Remember that your payment history makes up 35% of your credit score, so above all else, make sure you always pay your credit card on time every time.
With these tips, you should be well on your way to responsible card ownership, regardless of whether you wait until you pay off your student loans to apply for one.
Interested in refinancing student loans?Here are the top 6 lenders of 2018!
|Lender||Variable APR||Eligible Degrees|
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1 Important Disclosures for Earnest.
To qualify, you must be a U.S. citizen or possess a 10-year (non-conditional) Permanent Resident Card, reside in a state Earnest lends in, and satisfy our minimum eligibility criteria. You may find more information on loan eligibility here: https://www.earnest.com/eligibility. Not all applicants will be approved for a loan, and not all applicants will qualify for the lowest rate. Approval and interest rate depend on the review of a complete application.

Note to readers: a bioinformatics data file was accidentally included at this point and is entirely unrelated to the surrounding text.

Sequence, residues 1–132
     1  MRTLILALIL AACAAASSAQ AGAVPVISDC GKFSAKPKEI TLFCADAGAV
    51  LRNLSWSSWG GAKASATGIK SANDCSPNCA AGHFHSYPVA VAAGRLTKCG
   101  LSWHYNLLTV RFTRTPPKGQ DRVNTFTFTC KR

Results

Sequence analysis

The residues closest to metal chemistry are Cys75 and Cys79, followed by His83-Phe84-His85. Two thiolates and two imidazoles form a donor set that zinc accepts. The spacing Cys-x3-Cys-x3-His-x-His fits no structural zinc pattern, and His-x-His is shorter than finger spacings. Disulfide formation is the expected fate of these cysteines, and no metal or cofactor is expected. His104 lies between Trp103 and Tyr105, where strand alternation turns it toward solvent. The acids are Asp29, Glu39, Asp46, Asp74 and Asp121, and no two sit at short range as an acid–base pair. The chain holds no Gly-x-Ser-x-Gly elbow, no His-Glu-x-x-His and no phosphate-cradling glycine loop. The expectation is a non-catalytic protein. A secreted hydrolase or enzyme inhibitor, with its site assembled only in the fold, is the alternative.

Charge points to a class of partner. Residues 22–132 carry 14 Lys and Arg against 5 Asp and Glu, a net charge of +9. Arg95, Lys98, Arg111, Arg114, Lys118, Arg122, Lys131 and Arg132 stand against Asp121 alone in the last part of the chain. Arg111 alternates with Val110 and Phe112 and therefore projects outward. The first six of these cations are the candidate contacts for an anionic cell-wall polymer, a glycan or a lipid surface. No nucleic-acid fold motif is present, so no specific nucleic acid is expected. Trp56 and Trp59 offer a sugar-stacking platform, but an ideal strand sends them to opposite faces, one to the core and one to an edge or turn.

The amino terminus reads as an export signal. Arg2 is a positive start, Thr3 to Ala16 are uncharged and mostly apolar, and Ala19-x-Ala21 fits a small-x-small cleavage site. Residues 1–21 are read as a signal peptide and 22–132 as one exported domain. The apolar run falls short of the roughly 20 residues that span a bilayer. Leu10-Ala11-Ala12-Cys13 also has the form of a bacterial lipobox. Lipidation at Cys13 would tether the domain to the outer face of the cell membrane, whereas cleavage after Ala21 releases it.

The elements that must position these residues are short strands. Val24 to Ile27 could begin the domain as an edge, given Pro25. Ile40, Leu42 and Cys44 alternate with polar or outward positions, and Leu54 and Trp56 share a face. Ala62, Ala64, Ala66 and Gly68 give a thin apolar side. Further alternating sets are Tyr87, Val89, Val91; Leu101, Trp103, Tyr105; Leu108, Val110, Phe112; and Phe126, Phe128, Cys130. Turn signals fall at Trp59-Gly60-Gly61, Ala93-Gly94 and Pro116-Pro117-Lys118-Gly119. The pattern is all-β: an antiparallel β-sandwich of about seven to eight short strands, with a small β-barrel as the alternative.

Earnest fixed rate loan rates range from 3.89% APR (with Auto Pay) to 6.97% APR (with Auto Pay). Variable rate loan rates range from 2.47% APR (with Auto Pay) to 6.30% APR (with Auto Pay). For variable rate loans, although the interest rate will vary after you are approved, the interest rate will never exceed 8.95% for loan terms 10 years or less. For loan terms of 10 years to 15 years, the interest rate will never exceed 9.95%. For loan terms over 15 years, the interest rate will never exceed 11.95% (the maximum rates for these loans). Earnest variable interest rate loans are based on a publicly available index, the one month London Interbank Offered Rate (LIBOR). Your rate will be calculated each month by adding a margin between 1.82% and 5.50% to the one month LIBOR. The rate will not increase more than once per month. Earnest rate ranges are current as of Month/Day/Year, and are subject to change based on market conditions and borrower eligibility.